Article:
The jury is still out on whether Meta’s bet on the metaverse will pay off, and whether Mark Zuckerberg’s vision of a VR-led re-imaging of how we all interact will become a reality, and transform digital connection as we know it.
But Meta remains committed to the project, investing $13 billion into VR development last year, which it’s on track to surpass again in 2022, despite the concerns of Meta shareholders.
The potential indicators are there, when you consider evolving technologies, and how youngsters already interact in metaverse-like spaces via gaming apps (Roblox, Minecraft, etc.) But VR remains an uncertain bet.
So will the metaverse really become a transformative shift – or will it remain a pipe dream that fails to connect?
In order to highlight why it’s so bullish on its metaverse bet, Meta has today shared a series of new reports, conducted by Deloitte, which aim to put a dollar amount on the potential of the metaverse in different global regions.
As you can see, according to Deloitte’s estimations, the metaverse could have a huge economic impact – though when you dig into the reports a little more, it’s questionable how those figures have been established, as the term ‘metaverse’ in this context is essentially being used as a blanket identifier to tag in all future digital technologies.
“American businesses are already using metaverse technologies to create new revenue streams and improve existing ones. US brands and retailers have already begun selling virtual versions of their products, in addition to the physical goods they already sell. Other American companies are using the metaverse to market their physical goods and enable customers to try before they buy with virtual overlays.”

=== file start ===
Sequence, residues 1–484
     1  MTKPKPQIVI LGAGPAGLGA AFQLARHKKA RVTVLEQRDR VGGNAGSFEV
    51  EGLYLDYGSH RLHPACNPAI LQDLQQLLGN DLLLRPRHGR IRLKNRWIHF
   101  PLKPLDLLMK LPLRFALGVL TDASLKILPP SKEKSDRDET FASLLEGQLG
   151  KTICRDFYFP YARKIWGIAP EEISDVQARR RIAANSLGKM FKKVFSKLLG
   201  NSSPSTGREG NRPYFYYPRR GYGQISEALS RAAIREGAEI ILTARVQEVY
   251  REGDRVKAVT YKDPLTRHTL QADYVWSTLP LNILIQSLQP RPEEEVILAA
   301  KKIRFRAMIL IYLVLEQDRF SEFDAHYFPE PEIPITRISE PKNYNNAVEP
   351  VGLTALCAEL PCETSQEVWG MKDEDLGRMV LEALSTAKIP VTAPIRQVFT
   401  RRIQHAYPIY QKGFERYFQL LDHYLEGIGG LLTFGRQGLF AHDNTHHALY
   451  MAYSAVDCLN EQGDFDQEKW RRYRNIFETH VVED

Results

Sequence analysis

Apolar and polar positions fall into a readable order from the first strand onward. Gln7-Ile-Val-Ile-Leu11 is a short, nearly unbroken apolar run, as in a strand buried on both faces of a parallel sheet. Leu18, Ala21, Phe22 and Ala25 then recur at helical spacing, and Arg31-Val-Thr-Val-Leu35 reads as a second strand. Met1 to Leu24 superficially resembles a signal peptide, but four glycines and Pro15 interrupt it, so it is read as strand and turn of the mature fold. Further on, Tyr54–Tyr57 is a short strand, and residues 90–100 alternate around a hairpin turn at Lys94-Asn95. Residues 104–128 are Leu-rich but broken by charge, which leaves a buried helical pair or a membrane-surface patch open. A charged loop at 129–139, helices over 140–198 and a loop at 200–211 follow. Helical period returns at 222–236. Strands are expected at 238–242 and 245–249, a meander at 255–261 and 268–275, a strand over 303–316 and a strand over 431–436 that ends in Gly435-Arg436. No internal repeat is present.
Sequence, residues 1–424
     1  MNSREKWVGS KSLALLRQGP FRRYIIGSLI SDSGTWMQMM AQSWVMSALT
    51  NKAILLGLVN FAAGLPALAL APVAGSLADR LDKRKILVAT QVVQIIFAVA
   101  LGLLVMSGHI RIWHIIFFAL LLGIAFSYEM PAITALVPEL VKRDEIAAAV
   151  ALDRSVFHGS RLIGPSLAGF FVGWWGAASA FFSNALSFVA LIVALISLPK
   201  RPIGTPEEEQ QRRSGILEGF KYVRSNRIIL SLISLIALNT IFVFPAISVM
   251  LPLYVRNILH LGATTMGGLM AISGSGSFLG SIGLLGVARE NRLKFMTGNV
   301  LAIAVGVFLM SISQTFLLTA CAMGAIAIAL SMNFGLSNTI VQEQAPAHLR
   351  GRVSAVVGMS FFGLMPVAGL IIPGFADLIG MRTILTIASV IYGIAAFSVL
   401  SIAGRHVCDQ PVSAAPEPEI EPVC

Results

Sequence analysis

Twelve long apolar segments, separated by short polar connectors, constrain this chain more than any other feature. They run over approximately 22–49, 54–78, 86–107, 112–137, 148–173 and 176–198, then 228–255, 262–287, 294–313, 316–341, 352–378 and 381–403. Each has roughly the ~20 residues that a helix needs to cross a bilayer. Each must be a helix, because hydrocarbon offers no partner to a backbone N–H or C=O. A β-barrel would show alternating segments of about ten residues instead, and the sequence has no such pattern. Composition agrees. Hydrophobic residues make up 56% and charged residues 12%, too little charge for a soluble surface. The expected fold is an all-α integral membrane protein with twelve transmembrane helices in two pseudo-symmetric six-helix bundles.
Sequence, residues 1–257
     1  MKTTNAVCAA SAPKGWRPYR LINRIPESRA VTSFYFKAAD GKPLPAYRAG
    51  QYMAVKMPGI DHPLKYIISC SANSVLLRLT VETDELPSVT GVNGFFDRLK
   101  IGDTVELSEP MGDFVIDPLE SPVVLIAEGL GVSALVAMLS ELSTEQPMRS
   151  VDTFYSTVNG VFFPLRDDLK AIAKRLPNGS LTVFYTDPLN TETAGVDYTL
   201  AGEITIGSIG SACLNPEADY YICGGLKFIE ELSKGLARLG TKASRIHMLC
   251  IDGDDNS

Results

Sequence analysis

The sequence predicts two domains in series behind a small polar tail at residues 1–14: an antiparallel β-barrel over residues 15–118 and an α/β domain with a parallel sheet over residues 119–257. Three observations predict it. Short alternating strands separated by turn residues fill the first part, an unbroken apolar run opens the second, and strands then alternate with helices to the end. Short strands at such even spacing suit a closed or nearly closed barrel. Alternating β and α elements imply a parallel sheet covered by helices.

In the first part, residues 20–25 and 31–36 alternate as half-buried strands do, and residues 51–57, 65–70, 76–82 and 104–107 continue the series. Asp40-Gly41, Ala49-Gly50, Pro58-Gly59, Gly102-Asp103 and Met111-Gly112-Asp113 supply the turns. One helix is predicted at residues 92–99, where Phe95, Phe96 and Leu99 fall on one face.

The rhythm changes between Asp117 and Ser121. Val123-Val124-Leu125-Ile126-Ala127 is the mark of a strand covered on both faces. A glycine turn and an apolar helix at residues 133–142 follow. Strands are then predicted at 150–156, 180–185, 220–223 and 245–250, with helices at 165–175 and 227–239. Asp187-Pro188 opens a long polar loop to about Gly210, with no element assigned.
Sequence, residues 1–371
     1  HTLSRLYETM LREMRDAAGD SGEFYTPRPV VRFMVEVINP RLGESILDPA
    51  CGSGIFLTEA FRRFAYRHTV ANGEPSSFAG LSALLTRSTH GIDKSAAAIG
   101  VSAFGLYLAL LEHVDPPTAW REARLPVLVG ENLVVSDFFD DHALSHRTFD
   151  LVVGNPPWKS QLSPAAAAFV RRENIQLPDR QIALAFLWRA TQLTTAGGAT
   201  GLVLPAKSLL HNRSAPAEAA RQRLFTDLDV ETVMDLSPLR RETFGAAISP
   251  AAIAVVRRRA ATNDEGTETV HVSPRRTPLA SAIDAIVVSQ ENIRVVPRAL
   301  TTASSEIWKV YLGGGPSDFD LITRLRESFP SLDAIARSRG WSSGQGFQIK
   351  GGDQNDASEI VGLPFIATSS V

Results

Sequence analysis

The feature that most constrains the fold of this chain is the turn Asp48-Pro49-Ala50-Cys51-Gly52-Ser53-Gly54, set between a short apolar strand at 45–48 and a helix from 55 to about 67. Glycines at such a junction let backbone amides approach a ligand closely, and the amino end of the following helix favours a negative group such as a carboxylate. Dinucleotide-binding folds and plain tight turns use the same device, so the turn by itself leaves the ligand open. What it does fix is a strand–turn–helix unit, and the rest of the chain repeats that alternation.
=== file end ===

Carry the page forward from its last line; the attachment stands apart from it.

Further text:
So these are expanded digital use cases, but they’re not ‘metaverse’ elements as such, as they don’t require VR connectivity to use AR try-on tools and the like. The use of these technologies will certainly expand, but the metaverse, as it’s been communicated thus far, is essentially a VR world where we’ll be able to interact in more immersive, connective ways.
That, technically, could be stretched to cover AR and digital items, but I’m not sure that most people would associate all of these advances with the metaverse, as such.
Which kind of lessens the impact of the insight here, in that Deloitte has extrapolated a lot of tech advances and put them all into the ‘metaverse’ box.
But then again, going on the definition of the metaverse that they’re using, that makes some sense:
“The metaverse is a massively scaled and interoperable network of real‑time rendered 3D virtual worlds which can be experienced synchronously and persistently by an effectively unlimited number of users with an individual sense of presence, and with continuity of data, such as identity, history, entitlements, objects, communications, and payments.”
That would cover all VR and AR advancements, and even more basic 3D online experiences – but again, I’m not sure that the general public would have such a broad definition of the metaverse in mind when considering what’s coming next in the space.
The advantage for Meta in this respect is that it can package up all of these advances into a single economic impact figure, which makes the metaverse seem like it’ll be a huge boon for business. But again, when you’re considering the metaverse itself, most people, at least at this stage are thinking of this:
They’re not factoring in AR glasses and the expansion of online worlds into new realms.
But that’s pretty much what this report is all about, with a bunch of images of people in cool, futuristic-looking googles and 3D graphics.
Look, I’m not saying that the metaverse won’t work out – again, the usage trends in younger demographics do point to digital avatars and online connection becoming a much bigger deal over time. But I’m not sure that merging every potential advance together under a single ‘metaverse’ umbrella really pitches the possibilities in an accurate way, which could risk making some more skeptical, as opposed to reinforcing Meta’s decision to keep investing in its projects.
Really, this reads like a pitch deck for consulting firms to spook big businesses into updating their processes and hardware, in preparation for the next shift. Which it probably is – and while there are some interesting notes, I didn’t come away from the report more convinced that the metaverse, in terms of immersive VR interactions, is a definite winner.
But you can read for yourself and see what you think – you can download the ‘Quantifying the potential economic impact of the metaverse’ regional reports here.